Sports or sleep? Sleep or sports? Floridians may have to choose

Is having the sun up a little later in the day all year long worth losing sleep over late sports games? We may soon find out. (AP Photo/Elise Amendola, File)
Is having the sun up a little later in the day all year long worth losing sleep over late sports games? We may soon find out. (AP Photo/Elise Amendola, File)
Published March 14 2018

So you've heard about this idea that Florida wants to move to daylight saving time all year long, right?

When most of the rest of the country turns its clocks back in the fall, we're going to be too cool for that and just leave the clocks as they are. To heck with how everyone else does it.

We're just waiting for Gov. Rick Scott to sign off and send it to Congress for approval. Then, if approved, Florida would join Hawaii and most of Arizona as the only states arrogant enough to exempt out of standard time.

They're calling it the "Sunshine Protection Act."

I call it "The Dumbest Idea Ever Act."

Okay, admittedly, I'm coming at this from a sports angle, although there are other concerns, too.

But let's start with the sports aspect. This would awful for local sports fans, particularly those who follow the Lightning.

The rest of the country will stick to standard time. So even when the Lightning is playing out of state in the east, games will be starting as late as 8 or 8:30 p.m.

The Lightning could be in Boston or Montreal or New York and instead of starting at, say, 7:30 and having the game over a little after 10, it will start here at 8:30 and be over well after 11. Overtime and shootout games could get pushed well past 11:30.

How many adults with typical daytime jobs are going to be willing to stay up to watch? And think about kids who have to get up early for school. Think they'll can stay up that late even if they're allowed to?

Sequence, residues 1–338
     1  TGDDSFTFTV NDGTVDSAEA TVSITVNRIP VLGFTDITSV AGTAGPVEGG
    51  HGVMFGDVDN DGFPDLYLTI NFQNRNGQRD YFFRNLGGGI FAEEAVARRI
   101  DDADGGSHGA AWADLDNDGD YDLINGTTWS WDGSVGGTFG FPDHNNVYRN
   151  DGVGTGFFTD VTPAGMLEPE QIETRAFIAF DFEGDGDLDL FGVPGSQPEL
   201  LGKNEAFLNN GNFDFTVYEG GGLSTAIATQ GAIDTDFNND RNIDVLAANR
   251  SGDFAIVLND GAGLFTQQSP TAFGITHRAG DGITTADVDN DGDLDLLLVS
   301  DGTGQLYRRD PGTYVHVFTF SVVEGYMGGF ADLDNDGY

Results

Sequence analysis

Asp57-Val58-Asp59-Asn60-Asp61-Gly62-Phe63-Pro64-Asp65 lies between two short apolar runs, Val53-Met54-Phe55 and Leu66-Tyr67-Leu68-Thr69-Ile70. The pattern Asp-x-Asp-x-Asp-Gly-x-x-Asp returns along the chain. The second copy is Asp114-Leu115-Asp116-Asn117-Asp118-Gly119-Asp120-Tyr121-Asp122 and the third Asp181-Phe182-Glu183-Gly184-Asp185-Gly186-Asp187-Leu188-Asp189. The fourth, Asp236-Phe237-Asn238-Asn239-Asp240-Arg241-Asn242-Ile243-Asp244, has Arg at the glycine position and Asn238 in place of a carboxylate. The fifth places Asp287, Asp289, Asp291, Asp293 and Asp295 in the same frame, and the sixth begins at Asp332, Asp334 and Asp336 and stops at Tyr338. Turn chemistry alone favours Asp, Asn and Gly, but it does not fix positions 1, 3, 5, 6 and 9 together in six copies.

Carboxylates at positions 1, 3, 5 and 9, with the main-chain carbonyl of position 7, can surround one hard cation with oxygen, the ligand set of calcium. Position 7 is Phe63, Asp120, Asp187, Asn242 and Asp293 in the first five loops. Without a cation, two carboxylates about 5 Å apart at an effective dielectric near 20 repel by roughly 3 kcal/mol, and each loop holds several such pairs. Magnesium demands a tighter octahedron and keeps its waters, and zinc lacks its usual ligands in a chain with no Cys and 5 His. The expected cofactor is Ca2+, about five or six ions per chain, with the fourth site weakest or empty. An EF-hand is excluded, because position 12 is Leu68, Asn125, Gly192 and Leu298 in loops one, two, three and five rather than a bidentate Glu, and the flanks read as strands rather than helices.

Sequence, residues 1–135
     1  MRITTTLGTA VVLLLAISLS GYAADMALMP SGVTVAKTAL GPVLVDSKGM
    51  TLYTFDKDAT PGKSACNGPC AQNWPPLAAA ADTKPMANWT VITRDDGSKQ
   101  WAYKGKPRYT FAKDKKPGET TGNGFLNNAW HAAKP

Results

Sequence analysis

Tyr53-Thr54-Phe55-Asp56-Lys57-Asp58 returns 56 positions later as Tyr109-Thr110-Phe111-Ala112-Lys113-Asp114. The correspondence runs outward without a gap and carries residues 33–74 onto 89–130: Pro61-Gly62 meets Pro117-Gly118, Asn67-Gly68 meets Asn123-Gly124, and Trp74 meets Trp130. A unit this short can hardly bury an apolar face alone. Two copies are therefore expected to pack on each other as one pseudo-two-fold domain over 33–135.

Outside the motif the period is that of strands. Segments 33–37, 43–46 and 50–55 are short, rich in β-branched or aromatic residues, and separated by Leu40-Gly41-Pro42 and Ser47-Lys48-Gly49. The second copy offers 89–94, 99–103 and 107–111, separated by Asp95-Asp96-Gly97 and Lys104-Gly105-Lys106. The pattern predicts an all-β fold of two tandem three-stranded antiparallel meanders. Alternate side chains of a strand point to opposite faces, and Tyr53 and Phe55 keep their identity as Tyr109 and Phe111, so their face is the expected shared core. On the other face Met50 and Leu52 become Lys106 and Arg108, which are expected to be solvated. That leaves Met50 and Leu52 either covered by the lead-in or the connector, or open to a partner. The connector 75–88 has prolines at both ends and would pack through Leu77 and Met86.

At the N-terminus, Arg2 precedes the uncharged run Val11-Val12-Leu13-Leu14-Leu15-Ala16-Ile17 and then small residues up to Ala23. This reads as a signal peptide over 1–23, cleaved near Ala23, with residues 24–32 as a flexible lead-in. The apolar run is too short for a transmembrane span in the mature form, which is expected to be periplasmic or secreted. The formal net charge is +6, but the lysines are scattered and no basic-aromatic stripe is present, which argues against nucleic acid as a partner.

And this is just about games in the Eastern Time Zone.

It gets worse when the Lightning is in the Central Time Zone. Now we're talking about games in Dallas and St. Louis and Minnesota, among others, starting as late as 9:30. Games in Colorado would be starting at 10:30. And games out west in places such as Los Angeles, San Jose and Vancouver could start as ridiculously late as 11:30.

To watch those games, you have to be willing to stay up until 2 in the morning. Who is doing that?

It's bad enough that if we want to watch Jimmy Fallon or Stephen Colbert, we going to have to wait up until past 12:30 for half the year. But you're going to make us wait to watch our hockey, too?

Lightning hockey is not the only potential problem for sports fans around here.

Monday Night Football games would start at nearly 9:30 and end close to 1 a.m. The big college football game on Saturday night, assuming it isn't played in our state, would start well after 9 p.m. Other NHL games, in addition to the NBA and college basketball games are going to start later, too.

Think back to last year's thrilling College Football Playoff national championship game. Alabama won in overtime against Georgia. Even with standard time, that game ended around midnight. On a Monday.

Asking us to stay up past 1 is crossing the line.

Hey, it's one thing to call it quits in the middle of some random Lightning-Ducks regular-season game in January. But now you're asking us to choose between being a zombie and watching the college football title game?

Now, I realize there are bigger reasons than sports for wanting to go to permanent daylight saving time.

Supporters of the act believe it will help tourism, save energy, reduce crime and improve the lives of children by giving them more sunlight after school.

But there are other reasons not to like the move, like the safety of children.

As Fox 13 meteorologist Paul Dellegatto pointed out in a series of tweets last week, sunrise in January could be as late at 8:22 a.m. Will there be even one kid in the state who isn't walking to and standing at the bus stop in the dark?

If I had to guess, there are two major reasons why people want to keep daylight saving time. One is they simply don't like it getting dark earlier in the winter. And, two, they don't like losing an hour of sleep when clocks are pushed forward in the spring.

Neither feels like a good enough reason to get out of synch with the rest of the country.

Meantime, sports fans might have to make a choice in the winter.

Start taking naps or miss a whole lot of games.

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